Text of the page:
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Bangladesh Ministry considers alternative sources for garlic, ginger

Bangladesh will look for alternative markets to source garlic, ginger and other spices in case the coronavirus outbreak is prolonged, said Commerce Minister Tipu Munshi yesterday. “We will not face any difficulties if onion imports from China are stopped. However, we are observing the supply situation of garlic and ginger. We will consider alternative markets if the coronavirus crisis continues for a long time,” he told reporters at his office after a meeting with David Marit, the visiting Agriculture Minister of Canada’s Saskatchewan province.

However, he added that currently, there are no major supply deficits of garlic, ginger or other spices. Munshi’s comments come at a time when the prices for various spices, including imported garlic mainly imported from China, soared in recent weeks.

The price of imported garlic shot up 38 per cent to Tk 180- 220 per kilogram in Dhaka whereas just a month ago, prices stood at Tk 140-150 per kilogram.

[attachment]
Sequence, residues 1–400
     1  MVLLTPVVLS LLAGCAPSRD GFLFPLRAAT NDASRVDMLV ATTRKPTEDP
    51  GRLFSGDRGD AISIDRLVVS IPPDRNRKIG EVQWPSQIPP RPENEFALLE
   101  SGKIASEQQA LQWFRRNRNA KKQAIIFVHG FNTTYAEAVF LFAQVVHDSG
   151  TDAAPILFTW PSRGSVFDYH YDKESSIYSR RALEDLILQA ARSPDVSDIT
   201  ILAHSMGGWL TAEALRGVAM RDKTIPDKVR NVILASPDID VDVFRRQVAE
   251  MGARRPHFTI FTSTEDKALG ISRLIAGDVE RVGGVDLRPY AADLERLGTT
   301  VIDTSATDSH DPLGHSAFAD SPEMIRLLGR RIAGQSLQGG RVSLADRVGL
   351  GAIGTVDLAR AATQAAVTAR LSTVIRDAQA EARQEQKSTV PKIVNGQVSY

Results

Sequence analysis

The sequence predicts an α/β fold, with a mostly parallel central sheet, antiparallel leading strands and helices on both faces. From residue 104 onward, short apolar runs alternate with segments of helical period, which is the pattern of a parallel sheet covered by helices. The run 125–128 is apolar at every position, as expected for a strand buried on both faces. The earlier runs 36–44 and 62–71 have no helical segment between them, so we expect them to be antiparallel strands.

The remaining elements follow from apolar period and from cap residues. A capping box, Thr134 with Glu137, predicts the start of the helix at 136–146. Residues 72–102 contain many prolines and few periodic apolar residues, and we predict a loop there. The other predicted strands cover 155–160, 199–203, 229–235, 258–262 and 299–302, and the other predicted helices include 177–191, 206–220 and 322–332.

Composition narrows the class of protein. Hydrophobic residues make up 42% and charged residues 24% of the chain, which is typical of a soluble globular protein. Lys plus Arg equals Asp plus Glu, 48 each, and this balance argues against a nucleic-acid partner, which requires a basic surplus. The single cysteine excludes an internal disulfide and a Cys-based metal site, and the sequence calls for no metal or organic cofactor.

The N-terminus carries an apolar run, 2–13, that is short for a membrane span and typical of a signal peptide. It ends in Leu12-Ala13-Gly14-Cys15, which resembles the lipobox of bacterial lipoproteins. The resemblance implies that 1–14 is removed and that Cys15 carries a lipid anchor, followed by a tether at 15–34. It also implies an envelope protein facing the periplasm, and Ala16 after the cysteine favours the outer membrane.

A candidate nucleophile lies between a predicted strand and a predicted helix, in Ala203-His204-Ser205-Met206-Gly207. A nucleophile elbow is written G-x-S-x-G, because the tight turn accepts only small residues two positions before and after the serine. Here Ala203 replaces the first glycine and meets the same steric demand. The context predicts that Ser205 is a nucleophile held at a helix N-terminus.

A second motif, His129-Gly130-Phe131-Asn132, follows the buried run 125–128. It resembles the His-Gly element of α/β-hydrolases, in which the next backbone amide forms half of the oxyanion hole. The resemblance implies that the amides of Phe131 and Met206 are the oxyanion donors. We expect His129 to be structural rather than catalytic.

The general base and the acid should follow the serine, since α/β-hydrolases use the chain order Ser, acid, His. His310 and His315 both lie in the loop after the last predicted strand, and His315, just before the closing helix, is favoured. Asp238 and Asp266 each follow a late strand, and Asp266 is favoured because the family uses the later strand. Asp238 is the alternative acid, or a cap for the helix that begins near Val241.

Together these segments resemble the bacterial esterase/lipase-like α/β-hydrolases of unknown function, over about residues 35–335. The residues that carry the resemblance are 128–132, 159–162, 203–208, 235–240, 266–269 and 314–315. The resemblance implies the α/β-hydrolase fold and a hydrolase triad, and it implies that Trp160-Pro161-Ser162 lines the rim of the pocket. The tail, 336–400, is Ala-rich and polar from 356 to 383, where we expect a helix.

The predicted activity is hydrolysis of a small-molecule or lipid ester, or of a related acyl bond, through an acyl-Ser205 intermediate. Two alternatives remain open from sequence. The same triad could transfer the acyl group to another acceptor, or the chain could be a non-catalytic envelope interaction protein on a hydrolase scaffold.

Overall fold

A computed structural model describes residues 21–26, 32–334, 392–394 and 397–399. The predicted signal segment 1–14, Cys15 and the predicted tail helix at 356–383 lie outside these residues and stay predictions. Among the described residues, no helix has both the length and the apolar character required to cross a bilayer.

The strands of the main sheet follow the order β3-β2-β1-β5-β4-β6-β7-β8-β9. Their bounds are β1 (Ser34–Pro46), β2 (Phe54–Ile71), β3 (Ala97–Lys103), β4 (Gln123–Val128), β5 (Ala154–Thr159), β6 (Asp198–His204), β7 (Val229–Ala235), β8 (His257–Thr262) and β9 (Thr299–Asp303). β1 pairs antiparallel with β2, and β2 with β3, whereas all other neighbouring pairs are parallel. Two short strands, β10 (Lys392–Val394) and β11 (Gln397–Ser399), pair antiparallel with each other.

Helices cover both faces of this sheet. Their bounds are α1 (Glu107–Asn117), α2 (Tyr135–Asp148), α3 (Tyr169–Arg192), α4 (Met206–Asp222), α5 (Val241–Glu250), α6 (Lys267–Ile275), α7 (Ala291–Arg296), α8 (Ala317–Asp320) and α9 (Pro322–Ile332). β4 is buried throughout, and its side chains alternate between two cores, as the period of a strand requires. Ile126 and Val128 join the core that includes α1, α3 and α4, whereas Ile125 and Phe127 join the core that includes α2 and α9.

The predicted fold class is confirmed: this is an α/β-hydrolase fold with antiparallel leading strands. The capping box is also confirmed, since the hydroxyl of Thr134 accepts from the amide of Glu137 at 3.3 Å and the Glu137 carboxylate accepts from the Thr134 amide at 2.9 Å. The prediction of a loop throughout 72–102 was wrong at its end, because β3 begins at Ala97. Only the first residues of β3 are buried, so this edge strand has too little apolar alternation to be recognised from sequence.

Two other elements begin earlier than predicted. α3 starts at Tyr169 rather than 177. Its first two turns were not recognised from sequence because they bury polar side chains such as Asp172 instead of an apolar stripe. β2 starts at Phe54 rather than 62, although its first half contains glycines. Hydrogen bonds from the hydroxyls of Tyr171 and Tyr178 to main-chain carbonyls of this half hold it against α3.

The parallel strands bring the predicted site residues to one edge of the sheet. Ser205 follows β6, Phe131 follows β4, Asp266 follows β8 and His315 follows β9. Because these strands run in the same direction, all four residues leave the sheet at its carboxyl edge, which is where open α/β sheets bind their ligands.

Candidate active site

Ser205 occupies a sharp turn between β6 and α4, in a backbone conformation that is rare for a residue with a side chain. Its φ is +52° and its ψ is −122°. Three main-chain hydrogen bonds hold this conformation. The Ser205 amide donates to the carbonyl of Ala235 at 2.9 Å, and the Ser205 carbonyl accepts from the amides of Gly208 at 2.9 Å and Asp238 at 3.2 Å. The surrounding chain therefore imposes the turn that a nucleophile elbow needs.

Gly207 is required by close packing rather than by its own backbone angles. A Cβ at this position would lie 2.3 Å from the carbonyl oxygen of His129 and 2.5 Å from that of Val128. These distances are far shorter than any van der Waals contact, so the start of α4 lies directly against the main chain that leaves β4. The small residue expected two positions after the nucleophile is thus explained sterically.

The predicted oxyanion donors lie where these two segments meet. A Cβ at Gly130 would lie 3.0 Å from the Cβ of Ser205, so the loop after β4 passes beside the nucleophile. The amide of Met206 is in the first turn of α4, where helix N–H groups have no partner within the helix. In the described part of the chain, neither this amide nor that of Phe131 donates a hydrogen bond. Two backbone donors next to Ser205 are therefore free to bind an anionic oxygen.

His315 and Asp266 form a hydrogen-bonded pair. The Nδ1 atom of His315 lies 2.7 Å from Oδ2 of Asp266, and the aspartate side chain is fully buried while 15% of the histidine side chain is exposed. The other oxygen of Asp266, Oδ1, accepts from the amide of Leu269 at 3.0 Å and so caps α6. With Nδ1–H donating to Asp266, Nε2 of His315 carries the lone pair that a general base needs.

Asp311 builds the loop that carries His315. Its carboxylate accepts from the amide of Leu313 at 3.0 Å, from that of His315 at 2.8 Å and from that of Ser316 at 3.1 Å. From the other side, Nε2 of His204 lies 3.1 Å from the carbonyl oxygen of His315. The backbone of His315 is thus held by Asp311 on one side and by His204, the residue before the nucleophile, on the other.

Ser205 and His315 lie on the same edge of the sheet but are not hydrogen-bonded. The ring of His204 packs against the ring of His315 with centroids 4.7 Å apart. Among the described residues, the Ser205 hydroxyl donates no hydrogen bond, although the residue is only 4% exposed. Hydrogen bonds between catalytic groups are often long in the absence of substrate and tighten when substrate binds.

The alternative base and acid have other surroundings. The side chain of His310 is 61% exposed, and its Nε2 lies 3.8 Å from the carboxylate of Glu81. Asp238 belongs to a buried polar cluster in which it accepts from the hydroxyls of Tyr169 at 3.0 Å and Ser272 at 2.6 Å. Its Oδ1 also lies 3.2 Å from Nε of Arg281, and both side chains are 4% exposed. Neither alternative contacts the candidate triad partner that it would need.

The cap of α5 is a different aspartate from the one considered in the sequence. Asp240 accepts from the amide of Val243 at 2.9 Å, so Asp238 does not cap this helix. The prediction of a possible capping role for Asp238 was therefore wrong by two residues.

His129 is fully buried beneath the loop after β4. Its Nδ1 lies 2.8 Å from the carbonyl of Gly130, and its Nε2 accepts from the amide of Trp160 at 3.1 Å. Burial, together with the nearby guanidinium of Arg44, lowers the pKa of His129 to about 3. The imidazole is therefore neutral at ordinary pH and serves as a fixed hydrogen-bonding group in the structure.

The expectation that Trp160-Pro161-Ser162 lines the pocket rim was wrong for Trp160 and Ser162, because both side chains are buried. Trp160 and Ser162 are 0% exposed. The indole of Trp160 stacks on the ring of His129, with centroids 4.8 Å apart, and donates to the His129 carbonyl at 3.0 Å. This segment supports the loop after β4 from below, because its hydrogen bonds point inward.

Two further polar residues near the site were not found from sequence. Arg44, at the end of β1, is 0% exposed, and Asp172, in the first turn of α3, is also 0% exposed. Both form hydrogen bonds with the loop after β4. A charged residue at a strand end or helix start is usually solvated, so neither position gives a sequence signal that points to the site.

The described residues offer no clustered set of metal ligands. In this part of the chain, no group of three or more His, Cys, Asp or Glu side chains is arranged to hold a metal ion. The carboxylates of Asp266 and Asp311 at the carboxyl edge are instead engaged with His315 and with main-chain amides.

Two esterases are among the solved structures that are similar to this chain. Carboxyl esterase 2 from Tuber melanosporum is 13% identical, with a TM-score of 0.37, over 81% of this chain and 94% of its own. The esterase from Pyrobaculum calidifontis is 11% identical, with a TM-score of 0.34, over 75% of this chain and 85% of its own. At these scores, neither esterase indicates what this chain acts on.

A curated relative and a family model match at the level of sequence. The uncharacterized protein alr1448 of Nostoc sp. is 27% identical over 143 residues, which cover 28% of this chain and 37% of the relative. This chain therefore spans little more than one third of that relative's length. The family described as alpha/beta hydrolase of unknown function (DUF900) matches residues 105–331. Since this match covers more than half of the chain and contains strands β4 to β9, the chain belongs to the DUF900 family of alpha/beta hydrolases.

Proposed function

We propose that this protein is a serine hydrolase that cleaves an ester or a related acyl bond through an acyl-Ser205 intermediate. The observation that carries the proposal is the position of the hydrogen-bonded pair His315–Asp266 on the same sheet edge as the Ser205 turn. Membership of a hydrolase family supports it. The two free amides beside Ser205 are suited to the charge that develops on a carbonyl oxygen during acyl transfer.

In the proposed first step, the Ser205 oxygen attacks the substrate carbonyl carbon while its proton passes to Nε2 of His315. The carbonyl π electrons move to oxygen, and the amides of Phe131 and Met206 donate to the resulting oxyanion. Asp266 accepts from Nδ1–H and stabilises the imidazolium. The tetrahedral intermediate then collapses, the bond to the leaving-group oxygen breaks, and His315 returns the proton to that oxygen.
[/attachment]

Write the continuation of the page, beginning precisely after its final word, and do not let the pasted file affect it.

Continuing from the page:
The price for imported onions, dry chilly and cloves also rose, according to data from the Trading Corporation of Bangladesh.

According to, Bangladesh requires 300,000 tonnes of ginger annually. With a domestic production value of 77,000 tonnes, the supply of locally grown ginger falls short every year. The country produces about 450,000 tonnes of garlic each year against a 600,000 tonne demand. The remainder is imported mostly from China, according to government data.

However, Munshi said that China accounts for only 10 per cent of total imports and so, the country would not face a shortage in supply if the imports are stopped.

[  Tk100 = €1.10  ]

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